On the performance side, the 41 is as modern as her predecessors below the waterline with a fin keel and slight bulb, and large spade rudder. The rig is sporty as well with a backstay-less carbon fiber mast and aluminum boom—a Leisurefurl system or Hall Vboom are also options.

The cockpit on any Alerion is home base and I liked how the 41’s was laid out. Large enough to happily fit eight people with an optional table, the settees are deep enough to be comfortable while also allowing for proper views. The helm and sail controls are far enough aft that the crew won’t be in the way of the person running the boat. And the mainsheet is led to a traveler just aft of the helm, allowing for end of boom sheeting that also keeps that whole mess clear of people sitting in the cockpit.

When it comes time to work on the engine, the floor of the cockpit raises up on gas springs, creating easy access that would make doing the necessary pre-sail checks a simple process. A removable panel also creates a standing and working space, so servicing the engine can be done efficiently.

One of my favorite features on deck, though, is aft of the cockpit. Recognizing the need for cruisers to be able to easily get in and out of the water or a dinghy, Alerion came up with one of the best looking and functioning stern platforms I’ve come across. What appears to be a large lazarette on deck actually folds up and aft to create a platform that a stern ladder can then articulate from. The overall look of the platform doesn’t detract from the boat’s appearance at anchor and is probably the perfect height for a family to get in and out of a RIB.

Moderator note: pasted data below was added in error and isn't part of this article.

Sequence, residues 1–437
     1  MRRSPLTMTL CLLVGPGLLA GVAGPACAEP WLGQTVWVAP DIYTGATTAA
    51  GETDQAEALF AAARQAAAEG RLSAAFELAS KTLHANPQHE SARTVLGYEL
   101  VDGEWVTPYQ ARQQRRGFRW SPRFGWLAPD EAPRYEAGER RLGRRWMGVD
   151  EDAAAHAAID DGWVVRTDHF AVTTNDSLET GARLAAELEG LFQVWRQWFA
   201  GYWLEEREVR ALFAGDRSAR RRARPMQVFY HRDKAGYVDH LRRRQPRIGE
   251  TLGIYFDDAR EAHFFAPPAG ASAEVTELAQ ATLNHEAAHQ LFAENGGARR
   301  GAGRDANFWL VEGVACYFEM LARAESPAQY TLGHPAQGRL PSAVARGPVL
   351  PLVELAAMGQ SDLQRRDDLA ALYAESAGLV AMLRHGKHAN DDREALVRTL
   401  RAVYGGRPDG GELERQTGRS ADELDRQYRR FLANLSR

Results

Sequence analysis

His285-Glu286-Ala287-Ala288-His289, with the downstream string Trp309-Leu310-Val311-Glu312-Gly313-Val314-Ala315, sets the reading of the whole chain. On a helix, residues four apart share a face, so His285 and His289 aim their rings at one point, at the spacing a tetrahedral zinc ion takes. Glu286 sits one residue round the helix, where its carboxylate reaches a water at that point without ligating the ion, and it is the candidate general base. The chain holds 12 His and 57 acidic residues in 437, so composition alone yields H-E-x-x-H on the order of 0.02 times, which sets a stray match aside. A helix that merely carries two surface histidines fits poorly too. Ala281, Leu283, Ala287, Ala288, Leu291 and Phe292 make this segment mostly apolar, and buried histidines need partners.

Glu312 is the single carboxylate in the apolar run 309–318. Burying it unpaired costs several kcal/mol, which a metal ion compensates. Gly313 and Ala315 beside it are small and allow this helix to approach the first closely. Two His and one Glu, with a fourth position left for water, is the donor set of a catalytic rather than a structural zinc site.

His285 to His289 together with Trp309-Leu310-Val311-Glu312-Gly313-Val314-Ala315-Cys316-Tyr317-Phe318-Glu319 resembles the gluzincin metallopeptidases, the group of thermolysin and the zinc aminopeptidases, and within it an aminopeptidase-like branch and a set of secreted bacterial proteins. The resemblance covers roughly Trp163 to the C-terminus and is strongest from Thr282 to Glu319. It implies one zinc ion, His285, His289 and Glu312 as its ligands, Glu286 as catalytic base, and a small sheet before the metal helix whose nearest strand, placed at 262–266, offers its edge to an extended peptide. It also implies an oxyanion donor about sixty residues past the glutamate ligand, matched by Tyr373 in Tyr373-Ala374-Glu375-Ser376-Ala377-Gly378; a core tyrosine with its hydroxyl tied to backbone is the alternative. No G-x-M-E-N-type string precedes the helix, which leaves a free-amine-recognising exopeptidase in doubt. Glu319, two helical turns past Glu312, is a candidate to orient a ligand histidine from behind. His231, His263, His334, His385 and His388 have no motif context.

Down below, the Alerion design team kept with the theme of taking the 41 from its daysailer roots to a more comfortable cruiser. When stepping down the companionway, the interior woodwork and finish is absolutely striking. The hand-finished joinery can be had in American Cherry or teak, and white bulkheads gave the version we sailed a light and airy feel, even on a grey fall day.

The 41 comes standard with two cabins, which will make a good cruising layout for two couples or a family of four, and the settees are long enough to allow sleeping room for a few more. The forward V-berth is certainly the owner’s suite and the amount of storage, including a cedar-lined hanging locker, creates enough room for clothes and gear to be kept out of sight.

The starboard aft cabin is not huge and doesn’t need to be. There is enough room for two people to sleep and store clothes. And it could also make for a suitable spot to take a nap while the boat is underway.